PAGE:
And on Dagobah he can't lift his X-Wing because he doesn't trust the Force enough, because lifting a starfighter and a tiny pebble are the same thing to the Force.
Now you're getting around to that whole spiritual and emotional maturity thing I was talking about. It's not XP point and leveling up. That's what Rey does in the sequel trilogy, it's obtaining the relationship with the force by their self improvement of themselves and making a relationship with the force, as opposed to "easy button" RPG mechanics.
Which, of course, is why you were able to present that as your argument instead of complaining "Rey is naturally good at everything"....

Characters who are strong in the force are naturally good at things, even before they learn to use the Force on purpose. What, you think Watto sent Anakin to droid engineering college? That "I'll try spinning, that's a good trick" is a sign of emotional and spiritual maturity?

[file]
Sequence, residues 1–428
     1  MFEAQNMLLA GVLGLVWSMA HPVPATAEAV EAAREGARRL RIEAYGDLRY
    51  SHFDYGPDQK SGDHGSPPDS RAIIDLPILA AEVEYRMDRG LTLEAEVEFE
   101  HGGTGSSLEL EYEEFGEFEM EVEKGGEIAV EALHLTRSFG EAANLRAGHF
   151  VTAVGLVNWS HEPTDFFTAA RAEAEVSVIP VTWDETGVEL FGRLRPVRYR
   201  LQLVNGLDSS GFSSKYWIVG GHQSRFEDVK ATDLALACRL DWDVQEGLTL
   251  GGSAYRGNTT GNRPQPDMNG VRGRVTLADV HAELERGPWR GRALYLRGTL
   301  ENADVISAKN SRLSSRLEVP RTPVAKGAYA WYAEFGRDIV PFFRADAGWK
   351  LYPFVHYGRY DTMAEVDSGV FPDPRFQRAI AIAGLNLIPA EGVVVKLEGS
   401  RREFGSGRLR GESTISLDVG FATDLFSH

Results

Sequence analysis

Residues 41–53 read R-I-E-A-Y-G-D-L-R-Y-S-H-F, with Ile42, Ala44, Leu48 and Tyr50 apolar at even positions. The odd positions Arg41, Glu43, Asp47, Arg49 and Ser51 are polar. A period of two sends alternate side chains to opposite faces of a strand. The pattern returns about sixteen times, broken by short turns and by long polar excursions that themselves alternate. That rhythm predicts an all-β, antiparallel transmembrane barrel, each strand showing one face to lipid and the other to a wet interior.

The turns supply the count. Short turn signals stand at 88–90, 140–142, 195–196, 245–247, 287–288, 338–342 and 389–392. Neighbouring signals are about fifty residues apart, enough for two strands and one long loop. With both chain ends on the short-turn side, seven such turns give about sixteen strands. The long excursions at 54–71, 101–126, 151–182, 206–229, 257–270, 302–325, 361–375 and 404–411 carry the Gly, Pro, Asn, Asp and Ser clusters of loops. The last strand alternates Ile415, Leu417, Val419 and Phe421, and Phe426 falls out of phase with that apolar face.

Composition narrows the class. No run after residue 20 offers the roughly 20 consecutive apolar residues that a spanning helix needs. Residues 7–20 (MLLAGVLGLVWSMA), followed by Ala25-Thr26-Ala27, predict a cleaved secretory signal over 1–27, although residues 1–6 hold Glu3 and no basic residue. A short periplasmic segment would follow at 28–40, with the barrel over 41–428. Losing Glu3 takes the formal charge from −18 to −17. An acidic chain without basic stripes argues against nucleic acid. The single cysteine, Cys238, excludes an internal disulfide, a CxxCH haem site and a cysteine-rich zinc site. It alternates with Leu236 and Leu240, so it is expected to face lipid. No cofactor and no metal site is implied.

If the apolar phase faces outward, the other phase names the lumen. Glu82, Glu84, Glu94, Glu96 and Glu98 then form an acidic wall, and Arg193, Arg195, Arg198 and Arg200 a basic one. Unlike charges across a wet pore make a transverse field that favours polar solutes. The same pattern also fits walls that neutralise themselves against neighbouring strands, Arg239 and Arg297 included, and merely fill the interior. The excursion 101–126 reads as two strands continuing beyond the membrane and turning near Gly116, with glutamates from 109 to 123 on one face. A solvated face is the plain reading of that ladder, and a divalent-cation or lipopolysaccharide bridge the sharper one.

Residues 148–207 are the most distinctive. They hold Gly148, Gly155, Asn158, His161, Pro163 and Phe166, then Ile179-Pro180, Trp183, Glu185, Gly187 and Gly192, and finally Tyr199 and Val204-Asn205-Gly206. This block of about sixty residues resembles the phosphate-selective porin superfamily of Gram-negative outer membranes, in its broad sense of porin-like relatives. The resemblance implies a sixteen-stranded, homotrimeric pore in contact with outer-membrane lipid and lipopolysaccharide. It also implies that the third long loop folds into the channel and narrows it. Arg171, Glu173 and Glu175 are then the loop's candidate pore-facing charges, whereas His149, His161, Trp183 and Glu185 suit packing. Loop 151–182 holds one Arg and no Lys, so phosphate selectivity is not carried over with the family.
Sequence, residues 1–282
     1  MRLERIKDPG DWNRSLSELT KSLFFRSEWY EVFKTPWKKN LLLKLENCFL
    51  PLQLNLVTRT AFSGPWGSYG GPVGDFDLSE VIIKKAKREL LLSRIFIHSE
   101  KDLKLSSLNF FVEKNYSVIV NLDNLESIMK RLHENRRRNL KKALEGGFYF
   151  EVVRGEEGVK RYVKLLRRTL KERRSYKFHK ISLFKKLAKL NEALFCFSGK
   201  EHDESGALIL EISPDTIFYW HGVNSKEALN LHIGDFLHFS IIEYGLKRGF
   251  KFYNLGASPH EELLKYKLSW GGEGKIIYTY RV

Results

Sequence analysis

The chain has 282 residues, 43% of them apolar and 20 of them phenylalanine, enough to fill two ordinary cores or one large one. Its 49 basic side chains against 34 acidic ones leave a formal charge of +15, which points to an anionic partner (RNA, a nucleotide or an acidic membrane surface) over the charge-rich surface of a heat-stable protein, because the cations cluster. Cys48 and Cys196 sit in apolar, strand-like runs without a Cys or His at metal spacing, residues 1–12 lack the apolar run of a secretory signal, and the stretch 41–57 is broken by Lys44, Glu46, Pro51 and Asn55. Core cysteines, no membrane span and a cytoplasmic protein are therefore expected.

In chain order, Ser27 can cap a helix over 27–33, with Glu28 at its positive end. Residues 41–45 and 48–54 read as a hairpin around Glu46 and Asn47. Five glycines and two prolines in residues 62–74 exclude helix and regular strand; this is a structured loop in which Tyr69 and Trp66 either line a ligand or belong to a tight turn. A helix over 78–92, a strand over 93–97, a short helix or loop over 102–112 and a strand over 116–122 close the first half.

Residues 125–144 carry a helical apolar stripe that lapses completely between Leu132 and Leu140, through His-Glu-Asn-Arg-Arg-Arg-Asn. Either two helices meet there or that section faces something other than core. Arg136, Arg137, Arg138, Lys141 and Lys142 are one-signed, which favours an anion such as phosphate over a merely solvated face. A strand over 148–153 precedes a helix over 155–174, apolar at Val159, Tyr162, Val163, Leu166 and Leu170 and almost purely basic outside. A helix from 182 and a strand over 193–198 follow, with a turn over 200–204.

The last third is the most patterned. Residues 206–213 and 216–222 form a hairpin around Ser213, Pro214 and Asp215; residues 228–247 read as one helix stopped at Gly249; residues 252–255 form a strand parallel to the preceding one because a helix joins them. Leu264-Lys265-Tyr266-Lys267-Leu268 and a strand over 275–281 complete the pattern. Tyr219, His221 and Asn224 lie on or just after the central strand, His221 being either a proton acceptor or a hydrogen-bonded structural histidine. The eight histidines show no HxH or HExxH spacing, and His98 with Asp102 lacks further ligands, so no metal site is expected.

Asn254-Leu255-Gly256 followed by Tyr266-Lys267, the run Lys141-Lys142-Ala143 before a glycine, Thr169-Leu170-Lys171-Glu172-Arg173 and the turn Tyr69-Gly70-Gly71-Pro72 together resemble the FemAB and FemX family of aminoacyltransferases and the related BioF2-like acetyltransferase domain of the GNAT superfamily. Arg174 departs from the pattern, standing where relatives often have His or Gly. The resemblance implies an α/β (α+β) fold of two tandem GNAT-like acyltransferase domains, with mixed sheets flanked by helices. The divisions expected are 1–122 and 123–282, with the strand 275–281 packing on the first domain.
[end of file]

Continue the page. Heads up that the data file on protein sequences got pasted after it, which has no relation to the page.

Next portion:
The path of a Jedi has never been about learning to Do Force Stuff, because opening yourself to the Force and putting your trust in it allows you to do things as diverse as making impossible torpedo shots and pick up lightsabres when you're hanging upside down from your ankles without anyone showing you how to do them or even suggesting that they are things you could do with it.

The path of a Jedi is learning when to use the Force and how to avoid the temptations of the Dark Side.

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Re: Box Office: ‘Rise Of Skywalker’ Turned ‘Star Wars’ Into A $6 Billion Wash

Post by Vendetta » 2020-02-01 09:20am

Vympel wrote:
2020-02-01 08:51am
I'm waiting to see the comic finish it's run (it's four issues, halfway through) before I cast judgment in that respect - whether he takes an active hand in the fall of the academy or not is less important than whether he makes an active decision to commit to the dark side in general. It seems to be approaching a place where he's seeking out the Knights of Ren whilst being pursued by three of Luke's students. To make an assumption, I doubt any of those students will survive when they catch up with him.
This sort of falls into the same hole as all the other arguments based on secondary sources though. It's not in the movies so it didn't really happen.